Ceramic dolls win art contest
Heidi Humbird won first prize in the Tahoe Art League September Contest for her entry, two delightful ceramic figures entitled “Indian Dolls.”
Heidi’s abundant creativity is evident in these “Kachina-like” sculptures. Her works are entertaining, unique in form and texture, and often embellished with fanciful detail. Her series of clay dolls have been very popular at this summer’s outdoor art shows. Each doll seems to make a personal connection with its new owner – and vice versa.
Second prize went to Louise Howes for her floral silk painting, “Loves me, Loves me not.” Louise was introduced to painting on silk in a class at the LTCC, while studying with silk artist Addie Chernus.
Louise shifted readily from watercolors to painting with dyes on silk. Her paintings and scarves are noted for their brilliant color and simplicity of design.
Through her works, Louise shares an intimacy with her subject that is captivating. In this silk, the juxtaposition of the detailed flowers with the outlined flowers is striking. The composition conveys empty space as effectively as the figure.
Cindy Tedeschi tied for third prize with her watercolor “Best Friends.” Cindy’s watercolor portrait is a study of a man and his best friend, a black-and-white dog.
The other third prize winner was the watercolor titled, “Dew Drops,” by Carol Swain. The painting is a realistic image of three aspen leaves, backlit by sun, still wet from the morning dew.
The public is welcome to attend two days of festivities and fine art at the premier exhibition of the year: the Art Expo at Edgewood, Oct. 18 to 19.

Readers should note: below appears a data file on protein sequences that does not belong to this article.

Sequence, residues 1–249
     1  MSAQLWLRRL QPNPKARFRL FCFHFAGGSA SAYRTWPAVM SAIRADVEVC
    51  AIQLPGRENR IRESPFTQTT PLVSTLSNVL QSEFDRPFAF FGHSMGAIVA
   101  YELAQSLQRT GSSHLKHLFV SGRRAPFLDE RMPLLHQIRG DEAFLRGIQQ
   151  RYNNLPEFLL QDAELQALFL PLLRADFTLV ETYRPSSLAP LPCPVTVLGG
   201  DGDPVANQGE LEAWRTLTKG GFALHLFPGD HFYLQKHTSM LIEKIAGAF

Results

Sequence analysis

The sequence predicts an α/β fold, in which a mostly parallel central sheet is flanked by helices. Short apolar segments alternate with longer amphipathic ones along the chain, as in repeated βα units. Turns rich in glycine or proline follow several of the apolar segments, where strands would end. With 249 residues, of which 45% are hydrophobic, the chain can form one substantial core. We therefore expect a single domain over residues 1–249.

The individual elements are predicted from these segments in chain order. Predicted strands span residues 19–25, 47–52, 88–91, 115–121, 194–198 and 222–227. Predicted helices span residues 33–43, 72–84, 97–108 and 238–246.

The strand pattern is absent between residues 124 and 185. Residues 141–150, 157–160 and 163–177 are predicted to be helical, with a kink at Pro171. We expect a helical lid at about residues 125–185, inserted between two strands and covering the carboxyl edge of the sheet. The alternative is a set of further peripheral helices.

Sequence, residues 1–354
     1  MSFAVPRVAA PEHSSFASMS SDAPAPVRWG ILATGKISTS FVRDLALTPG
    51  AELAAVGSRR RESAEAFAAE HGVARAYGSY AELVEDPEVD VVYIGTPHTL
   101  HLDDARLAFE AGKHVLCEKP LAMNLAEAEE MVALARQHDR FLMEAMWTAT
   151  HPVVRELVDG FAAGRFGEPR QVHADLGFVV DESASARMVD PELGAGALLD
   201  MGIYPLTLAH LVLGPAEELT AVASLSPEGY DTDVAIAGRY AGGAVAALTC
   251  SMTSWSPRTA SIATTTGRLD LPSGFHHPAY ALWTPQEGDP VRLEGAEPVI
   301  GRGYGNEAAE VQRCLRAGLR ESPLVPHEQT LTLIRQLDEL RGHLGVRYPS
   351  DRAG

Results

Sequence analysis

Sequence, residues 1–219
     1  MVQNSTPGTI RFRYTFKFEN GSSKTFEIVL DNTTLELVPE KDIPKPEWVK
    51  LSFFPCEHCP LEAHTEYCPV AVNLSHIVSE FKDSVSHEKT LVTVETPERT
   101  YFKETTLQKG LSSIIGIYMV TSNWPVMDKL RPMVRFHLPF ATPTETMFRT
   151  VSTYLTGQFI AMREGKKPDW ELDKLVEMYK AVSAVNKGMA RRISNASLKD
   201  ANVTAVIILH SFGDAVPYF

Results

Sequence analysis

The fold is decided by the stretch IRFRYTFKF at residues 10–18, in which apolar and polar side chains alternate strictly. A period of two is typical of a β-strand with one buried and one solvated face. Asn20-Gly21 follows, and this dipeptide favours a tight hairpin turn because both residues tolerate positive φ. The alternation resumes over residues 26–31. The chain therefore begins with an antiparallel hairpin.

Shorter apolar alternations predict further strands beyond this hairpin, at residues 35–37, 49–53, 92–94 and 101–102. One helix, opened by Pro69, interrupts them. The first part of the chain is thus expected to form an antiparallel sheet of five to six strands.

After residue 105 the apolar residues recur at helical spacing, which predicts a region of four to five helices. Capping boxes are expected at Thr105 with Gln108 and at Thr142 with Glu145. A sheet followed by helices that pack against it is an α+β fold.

Artworks by many Tahoe Art League Contest Winners will be on display from noon to 9 p.m. Enjoy the sunset, appetizers, wine and raffles at the artist receptions, 7-8:30 p.m., both evenings.
Support Local Journalism
Support Local Journalism
Readers around the Lake Tahoe Basin and beyond make the Tahoe Tribune's work possible. Your financial contribution supports our efforts to deliver quality, locally relevant journalism.
Now more than ever, your support is critical to help us keep our community informed about the evolving coronavirus pandemic and the impact it is having locally. Every contribution, however large or small, will make a difference.
Your donation will help us continue to cover COVID-19 and our other vital local news.
When the Judicial & Law Enforcement Center was built 40 years ago, there were only 19,400 people living in Douglas County.